Delta Air Lines said Tuesday it will avoid involuntary furloughs for most frontline employees except pilots, the result of thousands of employees who participated in voluntary leave programs and reduced work hours, according to an internal memo from CEO Ed Bastian.
The airline has "effectively managed our staffing between now and the start of peak summer 2021 travel," Bastian said in the memo. The jobs of flight attendants, ground-based frontline employees and others were saved because 40,000 employees signed up for short- and long-term unpaid leaves of absences.
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"Unfortunately, we still expect an overage of pilots as of Oct. 1," Bastian said. "There still is time to mitigate this potential furlough and discussions are ongoing with the pilots' union as we continue to look for ways to cost-effectively reduce or eliminate this number."
The airline had previously planned to lay off about 1,941 pilots in October as the travel industry struggles to rebound from the coronavirus pandemic.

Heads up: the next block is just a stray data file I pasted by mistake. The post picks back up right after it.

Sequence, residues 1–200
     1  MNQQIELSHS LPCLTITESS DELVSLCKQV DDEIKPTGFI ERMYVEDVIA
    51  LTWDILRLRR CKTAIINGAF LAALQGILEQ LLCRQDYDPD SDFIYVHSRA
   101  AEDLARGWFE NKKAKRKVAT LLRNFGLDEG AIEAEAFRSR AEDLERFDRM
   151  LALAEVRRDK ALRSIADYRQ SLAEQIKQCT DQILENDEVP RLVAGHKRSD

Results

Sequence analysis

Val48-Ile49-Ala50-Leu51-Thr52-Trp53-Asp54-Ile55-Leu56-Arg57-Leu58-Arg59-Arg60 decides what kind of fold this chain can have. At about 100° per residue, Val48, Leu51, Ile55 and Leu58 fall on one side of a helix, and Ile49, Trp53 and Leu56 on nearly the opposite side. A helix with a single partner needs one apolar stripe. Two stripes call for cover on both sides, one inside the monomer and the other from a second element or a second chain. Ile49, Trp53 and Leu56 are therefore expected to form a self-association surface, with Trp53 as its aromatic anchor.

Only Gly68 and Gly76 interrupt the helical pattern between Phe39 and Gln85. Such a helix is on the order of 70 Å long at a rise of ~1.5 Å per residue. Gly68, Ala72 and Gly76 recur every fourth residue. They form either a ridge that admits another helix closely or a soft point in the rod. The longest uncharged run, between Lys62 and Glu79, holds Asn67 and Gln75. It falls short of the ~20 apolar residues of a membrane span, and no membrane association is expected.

Under the terms of a $25 billion bailout fund that was created earlier this year as part of the CARES Act, airlines are prohibited from cutting jobs or reducing workers' pay through Sept. 30. Delta received $5.4 billion through the program.
Airlines are required to inform employees of mass layoffs 60 to 90 days ahead of time.
An impasse between White House officials and Democratic leaders over what to include in another aid package has continued to persist more than one month after negotiations first collapsed, imperiling the chances of a stimulus deal before the November election.
On Thursday, Democrats blocked Republicans' $300 billion relief measure, introduced earlier this week by Majority Leader Mitch McConnell, saying that more aid is needed for American workers and businesses. Republicans, in turn, have accused Democrats of acting as obstructionists.
“If Congress and the White House fail to reach an agreement that extends the Payroll Support Program before Oct. 1, thousands of pilots will be furloughed and the economy will be further devastated as a result of both lost wages and the loss of airline service in many communities," the Air Line Pilots Association, a union that represents pilots, told FOX Business.